Terrance KleinOctober 20, 2021
William Blake, Christ Giving Sight to Bartimaeus, 1757-1827. Courtesy of Wikimedia.  

A reflection for the Thirtieth Sunday in Ordinary Time

Readings: Jeremiah 31:7-9 Hebrews 5:1-6 Mark 10:46-52

The Holocaust survivor Primo Levi noted that we inevitably ask two questions of those who commit atrocities: First, why did you do it? And second, did you realize you were committing a crime? Today, numerous direct confessions are at our disposal. About them Levi writes:

The answer to these two questions, and others along the same lines, are very similar, regardless of the personality of the individual who is questioned.... Using different formulations, and with greater or less insolence, depending on their mental and educational level, they all end up saying basically the same thing: I did it because I was ordered to; other people, my superiors, committed deeds that were worse than mine; considering the upbringing I had and the environment I lived in, I could not have behaved otherwise; if I hadn’t done these things, someone else would have, and more brutally. The first impulse of anyone who reads these justifications is revulsion: they’re lying, they can’t think that anyone would believe them. They can’t see the disproportion between their excuse and the vast suffering and death they’ve caused. They lie knowing that they’re lying; they do so in bad faith.

God is more than we can comprehend, and sin limits what we can understand.

Levi thinks it runs deeper than that. These monstrous criminals are not simply lying to us. They have learned to deceive themselves. What they tell us is not spoken in good or bad faith.

The distinction presumes a clarity that few people have, and which even those few lose immediately when, for any reason, past or present reality makes them feel anxious or ill at ease. In such conditions, there are, in fact, people who lie consciously, coldly falsifying reality itself, but they are outnumbered by those who weigh anchor, distance themselves from genuine memories, temporarily or permanently, and fabricate a convenient reality. For them the past is a burden; they feel revulsion at what they did or what was done to them and tend to replace it with something different. The replacement may begin consciously, with a scenario that is invented, mendacious, and re-created, but less painful than the real memory. As this account is repeated to others but also to oneself, the distinction between true and false gradually loses its contours, and the person ends up fully believing the tale he has told so often and continues to tell, occasionally polishing and touching up the less plausible details, or the ones that are less consistent with one another or incompatible with the picture of the “established” events: what started out as bad faith has turned to good faith. The silent transition from lie to self-deception is useful: he who lies in good faith lies better, plays his part better, and is more readily believed by the judge, the historian, the reader, the wife, the children (The Drowned and the Saved, 1986).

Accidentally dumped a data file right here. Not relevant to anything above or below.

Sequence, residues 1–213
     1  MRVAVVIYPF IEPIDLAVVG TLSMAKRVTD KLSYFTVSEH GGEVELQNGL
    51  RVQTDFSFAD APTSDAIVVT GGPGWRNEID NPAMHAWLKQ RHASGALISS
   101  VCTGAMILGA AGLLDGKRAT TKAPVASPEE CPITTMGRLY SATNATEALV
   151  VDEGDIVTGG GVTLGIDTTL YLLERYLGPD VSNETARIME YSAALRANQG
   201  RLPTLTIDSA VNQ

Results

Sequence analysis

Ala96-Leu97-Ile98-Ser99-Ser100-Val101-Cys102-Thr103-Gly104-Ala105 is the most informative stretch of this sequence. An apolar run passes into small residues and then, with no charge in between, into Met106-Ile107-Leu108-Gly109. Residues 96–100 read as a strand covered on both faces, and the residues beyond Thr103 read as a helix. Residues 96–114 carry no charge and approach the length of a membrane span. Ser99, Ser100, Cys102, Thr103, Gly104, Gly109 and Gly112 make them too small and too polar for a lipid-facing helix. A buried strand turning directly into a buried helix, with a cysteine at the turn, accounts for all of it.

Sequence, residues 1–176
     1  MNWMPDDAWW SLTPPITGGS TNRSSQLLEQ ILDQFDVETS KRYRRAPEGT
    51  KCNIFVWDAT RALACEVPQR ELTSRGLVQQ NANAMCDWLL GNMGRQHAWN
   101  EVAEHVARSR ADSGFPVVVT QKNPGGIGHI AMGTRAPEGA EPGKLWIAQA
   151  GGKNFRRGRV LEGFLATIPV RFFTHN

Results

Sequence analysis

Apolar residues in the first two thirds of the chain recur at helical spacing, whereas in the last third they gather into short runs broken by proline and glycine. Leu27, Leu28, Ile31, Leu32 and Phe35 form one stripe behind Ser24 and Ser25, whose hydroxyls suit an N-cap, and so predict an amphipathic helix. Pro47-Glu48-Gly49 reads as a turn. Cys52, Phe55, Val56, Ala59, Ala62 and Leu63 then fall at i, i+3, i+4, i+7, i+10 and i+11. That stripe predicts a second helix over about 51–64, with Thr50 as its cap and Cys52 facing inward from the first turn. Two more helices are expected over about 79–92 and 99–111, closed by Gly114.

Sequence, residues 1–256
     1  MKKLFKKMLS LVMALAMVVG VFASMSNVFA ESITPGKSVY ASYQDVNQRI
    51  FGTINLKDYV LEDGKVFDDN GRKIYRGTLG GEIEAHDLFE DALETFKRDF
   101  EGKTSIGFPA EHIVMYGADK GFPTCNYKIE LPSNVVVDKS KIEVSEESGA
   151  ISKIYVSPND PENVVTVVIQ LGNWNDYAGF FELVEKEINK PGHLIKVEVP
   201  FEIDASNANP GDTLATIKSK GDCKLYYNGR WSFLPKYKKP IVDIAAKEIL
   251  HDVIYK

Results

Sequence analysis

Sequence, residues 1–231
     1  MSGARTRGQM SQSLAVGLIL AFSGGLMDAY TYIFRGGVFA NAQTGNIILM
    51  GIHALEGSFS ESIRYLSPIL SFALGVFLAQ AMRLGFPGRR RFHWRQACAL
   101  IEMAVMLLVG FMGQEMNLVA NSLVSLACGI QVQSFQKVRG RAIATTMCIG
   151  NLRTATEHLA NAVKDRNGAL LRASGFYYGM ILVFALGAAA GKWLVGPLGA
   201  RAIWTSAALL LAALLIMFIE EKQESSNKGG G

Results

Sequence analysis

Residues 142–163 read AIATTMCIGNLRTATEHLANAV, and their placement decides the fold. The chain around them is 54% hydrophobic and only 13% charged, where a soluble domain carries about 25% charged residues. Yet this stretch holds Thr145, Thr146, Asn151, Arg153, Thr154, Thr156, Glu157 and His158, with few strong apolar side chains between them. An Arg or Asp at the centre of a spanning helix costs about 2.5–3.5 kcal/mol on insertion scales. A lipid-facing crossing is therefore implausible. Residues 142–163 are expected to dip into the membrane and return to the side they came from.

Our Scriptures live most fully in the liturgy. There they take on new meanings in new contexts, especially when paired with other Scriptures. On the 30th Sunday in Ordinary Time, they ask us to stop lying to ourselves.

The prophet Jeremiah insists that God must, and will, take the initiative because we cannot find our own way back to God. We have disabled ourselves.

Behold, I will bring them back
from the land of the north.
I will gather them from the ends of the world,
with the blind and the lame in their midst,
the mothers and those with child;
they shall return as an immense throng.
I will lead them to brooks of water,
on a level road, so that none shall stumble (31:8-9).

We cannot simply search for God as we would other possible objects of our knowledge because, like the man in St. Mark’s Gospel, we are blind to the reality that is God. God is more than we can comprehend, and sin limits what we can understand.

Indeed, Bartimaeus has an advantage over us. He knows that he is blind. We, on the other hand, do not.

On hearing that it was Jesus of Nazareth,
he began to cry out and say,
“Jesus, son of David, have pity on me” (Mk 10:47).

It is the nature of sin to confuse us, to deceive us, to blind us.

Atrocities alone do not create self-deception. All sin does. It is the nature of sin to confuse us, to deceive us, to blind us. Deception leads us into sin, and there it continues to confuse us about the goodness of God, the goodness of God’s creation and our own goodness.

How else can one explain the contradictory nature of our self-assessment following sin: We have not really sinned; it is all quite explainable. Yet we secretly hate ourselves because of what we have done. How do those who are innocent come to loathe themselves? Somewhere, truth has been lost.

Real insight is always a grace. It is a gift from God, who simply is truth and love. Sometimes it comes harshly. Sometimes it dawns softly. Either way, it is the Lord who leads us into truth. All we can do is distrust our own assessments and cry out, “Jesus, Son of David, have pity on me.”

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